Tour guide

From Wikipedia, the free encyclopedia
  (Redirected from Guided tour)
Jump to: navigation, search
A tour guide in the United Kingdom

A tour guide (U.S.) or a tourist guide (European) is a person who provides assistance, information and cultural, historical and contemporary heritage interpretation to people on organized tours and individual clients at educational establishments, religious and historical sites, museums, and at venues of other significant interest.[1]

History[edit]

A Filipino tourist consulting a tour guide and a guide book from Akizato Ritō's Miyako meisho zue (1787)

In 18th century Japan, a traveler could pay for a tour guide or consult guide books such as Kaibara Ekken's Keijō Shōran (The Excellent Views of Kyoto).[2]

Description[edit]

The CEN (European Committee for Standardization) definition for "tourist guide" – part of the work by CEN on definitions for terminology within the tourism industry – is a "person who guides visitors in the language of their choice and interprets the cultural and natural heritage of an area, which person normally possesses an area-specific qualification usually issued and/or recognized by the appropriate authority".[3] CEN also defines a "tour manager" as a "person who manages and supervises the itinerary on behalf of the tour operator, ensuring the programme is carried out as described in the tour operator's literature and sold to the traveller/consumer and who gives local practical information".[4]

In Europe, tourist guides are represented by FEG, the European Federation of Tourist Guide Associations. In Europe, the tourist guiding qualification is specific to each and every country; in some cases the qualification is national, in some cases it is broken up into regions. In all cases it is embedded in the educational and training ethic of that country. EN15565 is a European Standard for the Training and Qualification of Tourist Guides.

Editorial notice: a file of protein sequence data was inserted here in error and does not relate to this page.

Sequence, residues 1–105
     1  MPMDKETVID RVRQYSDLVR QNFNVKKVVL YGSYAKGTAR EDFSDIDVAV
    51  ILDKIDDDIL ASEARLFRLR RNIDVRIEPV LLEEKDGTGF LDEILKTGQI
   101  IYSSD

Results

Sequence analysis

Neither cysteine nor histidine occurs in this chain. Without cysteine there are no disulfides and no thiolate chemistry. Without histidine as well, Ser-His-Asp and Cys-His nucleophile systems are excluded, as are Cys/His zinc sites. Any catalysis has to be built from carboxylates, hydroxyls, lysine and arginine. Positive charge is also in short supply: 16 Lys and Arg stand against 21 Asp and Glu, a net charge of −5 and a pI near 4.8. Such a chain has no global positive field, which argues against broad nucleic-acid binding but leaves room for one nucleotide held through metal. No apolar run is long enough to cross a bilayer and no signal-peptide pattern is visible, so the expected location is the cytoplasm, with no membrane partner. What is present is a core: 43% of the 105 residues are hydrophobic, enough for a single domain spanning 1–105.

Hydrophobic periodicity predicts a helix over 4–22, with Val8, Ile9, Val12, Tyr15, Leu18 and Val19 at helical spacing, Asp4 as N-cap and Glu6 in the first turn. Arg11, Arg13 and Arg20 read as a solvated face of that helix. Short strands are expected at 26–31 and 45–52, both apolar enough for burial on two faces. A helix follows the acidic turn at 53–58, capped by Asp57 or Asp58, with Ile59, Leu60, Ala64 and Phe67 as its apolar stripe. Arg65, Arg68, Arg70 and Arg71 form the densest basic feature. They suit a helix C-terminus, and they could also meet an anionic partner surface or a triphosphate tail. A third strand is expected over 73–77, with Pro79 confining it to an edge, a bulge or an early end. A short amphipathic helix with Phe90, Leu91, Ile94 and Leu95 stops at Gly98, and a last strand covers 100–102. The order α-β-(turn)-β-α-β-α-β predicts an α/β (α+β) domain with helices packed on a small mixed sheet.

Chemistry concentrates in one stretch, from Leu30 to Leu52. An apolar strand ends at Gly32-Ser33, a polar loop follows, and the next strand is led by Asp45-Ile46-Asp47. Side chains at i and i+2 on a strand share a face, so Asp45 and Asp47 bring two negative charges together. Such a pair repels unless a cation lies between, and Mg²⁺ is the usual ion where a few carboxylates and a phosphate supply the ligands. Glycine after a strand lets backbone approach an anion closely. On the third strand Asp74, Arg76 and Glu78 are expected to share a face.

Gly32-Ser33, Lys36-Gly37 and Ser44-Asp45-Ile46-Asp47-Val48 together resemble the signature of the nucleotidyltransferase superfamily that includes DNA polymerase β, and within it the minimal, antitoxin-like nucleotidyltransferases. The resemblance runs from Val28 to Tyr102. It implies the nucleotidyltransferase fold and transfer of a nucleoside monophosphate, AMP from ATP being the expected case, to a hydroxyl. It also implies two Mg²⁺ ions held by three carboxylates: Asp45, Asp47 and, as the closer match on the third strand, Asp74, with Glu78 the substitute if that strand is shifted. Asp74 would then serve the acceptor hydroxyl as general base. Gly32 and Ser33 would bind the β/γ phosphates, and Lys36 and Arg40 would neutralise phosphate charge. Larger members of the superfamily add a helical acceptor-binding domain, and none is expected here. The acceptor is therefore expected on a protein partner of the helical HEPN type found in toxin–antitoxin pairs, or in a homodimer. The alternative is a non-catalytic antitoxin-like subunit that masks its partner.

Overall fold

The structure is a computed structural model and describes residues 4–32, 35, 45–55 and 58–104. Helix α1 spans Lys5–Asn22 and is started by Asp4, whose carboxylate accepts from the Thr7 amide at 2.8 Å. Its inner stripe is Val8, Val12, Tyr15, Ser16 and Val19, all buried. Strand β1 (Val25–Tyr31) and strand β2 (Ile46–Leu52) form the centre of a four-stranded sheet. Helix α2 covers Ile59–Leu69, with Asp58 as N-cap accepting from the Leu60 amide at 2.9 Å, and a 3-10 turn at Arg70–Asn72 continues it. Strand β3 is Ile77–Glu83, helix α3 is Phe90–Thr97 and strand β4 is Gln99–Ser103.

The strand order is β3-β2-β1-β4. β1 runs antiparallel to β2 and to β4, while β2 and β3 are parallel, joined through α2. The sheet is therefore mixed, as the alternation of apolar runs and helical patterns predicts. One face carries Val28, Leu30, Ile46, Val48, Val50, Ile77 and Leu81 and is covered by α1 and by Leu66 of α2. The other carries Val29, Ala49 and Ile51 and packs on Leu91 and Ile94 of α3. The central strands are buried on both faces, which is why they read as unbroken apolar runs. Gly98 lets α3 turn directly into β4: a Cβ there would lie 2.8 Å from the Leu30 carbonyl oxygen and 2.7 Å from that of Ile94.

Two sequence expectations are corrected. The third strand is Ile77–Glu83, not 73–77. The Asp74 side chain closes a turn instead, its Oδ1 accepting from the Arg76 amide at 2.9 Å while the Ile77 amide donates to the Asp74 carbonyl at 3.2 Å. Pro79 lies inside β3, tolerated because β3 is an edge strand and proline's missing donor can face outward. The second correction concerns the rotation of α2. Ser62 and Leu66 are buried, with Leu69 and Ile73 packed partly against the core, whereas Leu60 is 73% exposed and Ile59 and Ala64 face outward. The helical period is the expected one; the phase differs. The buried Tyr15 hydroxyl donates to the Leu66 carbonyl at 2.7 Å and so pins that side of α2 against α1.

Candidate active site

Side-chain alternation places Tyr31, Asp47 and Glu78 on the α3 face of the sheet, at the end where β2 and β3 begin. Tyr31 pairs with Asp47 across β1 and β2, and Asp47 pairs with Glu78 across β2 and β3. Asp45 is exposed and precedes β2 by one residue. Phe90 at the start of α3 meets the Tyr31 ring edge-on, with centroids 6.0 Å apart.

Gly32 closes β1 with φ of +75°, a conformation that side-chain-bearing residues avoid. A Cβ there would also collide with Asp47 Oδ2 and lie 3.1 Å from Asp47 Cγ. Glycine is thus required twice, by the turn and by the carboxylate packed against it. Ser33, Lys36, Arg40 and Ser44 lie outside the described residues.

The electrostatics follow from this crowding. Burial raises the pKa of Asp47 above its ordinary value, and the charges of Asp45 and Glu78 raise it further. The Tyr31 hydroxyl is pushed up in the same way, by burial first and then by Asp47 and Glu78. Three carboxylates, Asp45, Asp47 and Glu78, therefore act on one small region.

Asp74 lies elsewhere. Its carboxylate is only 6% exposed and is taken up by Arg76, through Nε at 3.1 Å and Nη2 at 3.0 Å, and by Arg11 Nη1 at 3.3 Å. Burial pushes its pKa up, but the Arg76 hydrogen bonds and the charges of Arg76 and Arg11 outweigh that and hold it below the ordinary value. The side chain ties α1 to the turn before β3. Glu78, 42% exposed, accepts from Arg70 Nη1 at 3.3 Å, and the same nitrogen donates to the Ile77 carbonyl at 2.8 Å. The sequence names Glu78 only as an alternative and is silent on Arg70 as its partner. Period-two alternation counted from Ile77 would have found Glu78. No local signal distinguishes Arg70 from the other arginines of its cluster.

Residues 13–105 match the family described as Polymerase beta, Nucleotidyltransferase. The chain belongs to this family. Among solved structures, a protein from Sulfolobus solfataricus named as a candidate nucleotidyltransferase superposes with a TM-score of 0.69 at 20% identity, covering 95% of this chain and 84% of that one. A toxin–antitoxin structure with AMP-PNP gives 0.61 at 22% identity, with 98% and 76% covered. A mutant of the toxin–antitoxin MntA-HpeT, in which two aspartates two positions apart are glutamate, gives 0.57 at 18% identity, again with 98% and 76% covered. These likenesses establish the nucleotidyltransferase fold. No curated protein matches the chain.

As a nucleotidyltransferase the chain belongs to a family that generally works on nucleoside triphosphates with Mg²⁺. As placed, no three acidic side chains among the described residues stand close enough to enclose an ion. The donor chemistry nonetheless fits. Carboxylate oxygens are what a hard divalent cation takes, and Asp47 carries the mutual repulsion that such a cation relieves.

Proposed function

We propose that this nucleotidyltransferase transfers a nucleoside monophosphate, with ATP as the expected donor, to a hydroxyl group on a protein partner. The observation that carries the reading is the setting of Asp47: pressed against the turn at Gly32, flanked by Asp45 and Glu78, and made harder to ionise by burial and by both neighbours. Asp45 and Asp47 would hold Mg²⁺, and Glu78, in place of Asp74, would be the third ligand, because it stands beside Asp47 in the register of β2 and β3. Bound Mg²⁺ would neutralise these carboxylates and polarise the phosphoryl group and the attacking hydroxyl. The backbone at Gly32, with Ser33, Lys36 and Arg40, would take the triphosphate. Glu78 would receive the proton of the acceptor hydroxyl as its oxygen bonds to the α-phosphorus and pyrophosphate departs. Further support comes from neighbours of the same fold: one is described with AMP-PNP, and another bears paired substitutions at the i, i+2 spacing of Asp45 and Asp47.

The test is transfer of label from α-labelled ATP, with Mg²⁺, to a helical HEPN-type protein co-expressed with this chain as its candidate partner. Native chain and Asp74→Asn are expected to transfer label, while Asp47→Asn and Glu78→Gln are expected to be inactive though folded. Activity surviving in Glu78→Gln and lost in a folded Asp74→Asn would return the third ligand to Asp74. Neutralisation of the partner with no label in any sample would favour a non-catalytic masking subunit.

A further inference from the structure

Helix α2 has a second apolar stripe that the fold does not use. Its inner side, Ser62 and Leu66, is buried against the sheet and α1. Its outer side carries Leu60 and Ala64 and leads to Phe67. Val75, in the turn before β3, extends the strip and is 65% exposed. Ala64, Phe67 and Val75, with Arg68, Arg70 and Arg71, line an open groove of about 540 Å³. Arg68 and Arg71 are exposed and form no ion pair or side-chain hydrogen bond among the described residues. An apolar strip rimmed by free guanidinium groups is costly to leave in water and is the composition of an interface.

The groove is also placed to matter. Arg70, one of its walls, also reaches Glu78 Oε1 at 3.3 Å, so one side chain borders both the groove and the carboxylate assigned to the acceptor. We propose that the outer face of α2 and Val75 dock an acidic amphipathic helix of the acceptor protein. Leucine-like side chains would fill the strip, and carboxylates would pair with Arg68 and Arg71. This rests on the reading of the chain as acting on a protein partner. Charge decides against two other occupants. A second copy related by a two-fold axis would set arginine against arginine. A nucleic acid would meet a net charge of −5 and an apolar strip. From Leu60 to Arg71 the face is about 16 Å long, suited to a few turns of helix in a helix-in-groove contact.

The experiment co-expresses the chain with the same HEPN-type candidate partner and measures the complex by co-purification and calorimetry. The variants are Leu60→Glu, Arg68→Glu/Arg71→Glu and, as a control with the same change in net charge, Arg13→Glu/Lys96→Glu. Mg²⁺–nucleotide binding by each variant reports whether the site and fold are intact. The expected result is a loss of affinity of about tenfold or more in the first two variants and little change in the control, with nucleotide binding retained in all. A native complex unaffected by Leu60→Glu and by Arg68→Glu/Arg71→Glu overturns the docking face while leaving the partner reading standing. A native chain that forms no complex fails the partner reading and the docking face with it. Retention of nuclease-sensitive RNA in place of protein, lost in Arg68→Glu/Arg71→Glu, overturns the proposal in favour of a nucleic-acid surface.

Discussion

In Australia, tour guides are qualified to a minimum of Certificate III Guiding. They belong to a couple of organisations, notably the Professional Tour Guide Association of Australia [PTGAA] and Guides of Australia [GOA].

In Japan, tour guides are required to pass a certification exam by the Commissioner of the Japan Tourism Agency and register with the relevant prefectures. Non-licensed guides caught performing guide-interpreter activities can face a fine up to 500,000 Yen[5]

See also[edit]

References[edit]

  1. ^ On the Job: A Seasoned Tour Guide Tells All, JobMonkey.com.
  2. ^ Berry, Mary Elizabeth (2006). Japan in Print Information and Nation in the Early Modern Period. Berkeley, California: University of California Press. pp. 185–190. ISBN 9780520254176. 
  3. ^ "EN 15565 2008 Standard for the Training and Qualification of Tourist Guides...". World Federation of Tourist Guide Assiciations. Retrieved 15 May 2017. 
  4. ^ "EN 15565 2008 Standard for the Training and Qualification of Tourist Guides...". World Federation of Tourist Guide Associations. Retrieved 15 May 2017. 
  5. ^ "Tour Guides and Staff". Japan Deluxe Tours. Retrieved 22 May 2017. 

3. Qualities of a tour guide : travel expert in travel industry

Notes

Further reading[edit]

  • MacCannell, Dean. The Ethics of Sightseeing. University of California Press, 2011.
  • Pond, Kathleen Lingle. The Professional Guide: Dynamics of Tour Guiding. New York: Van Nostrand Reinhold, 1993.
  • Ruitenberg, Claudia W. "Learning by Walking: Non-Formal Education as Curatorial Practice and Intervention in Public Space." International Journal of Lifelong Education 31, no. 3 (2012): 261-275.
  • Wynn, Jonathan R. The Tour Guide: Walking and Talking New York. Chicago: The University of Chicago Press, 2011.
  • Wynn, Jonathan R. "City Tour Guides: Urban Alchemists at Work." City & Community 9, no. 2 (June 2010).

External links[edit]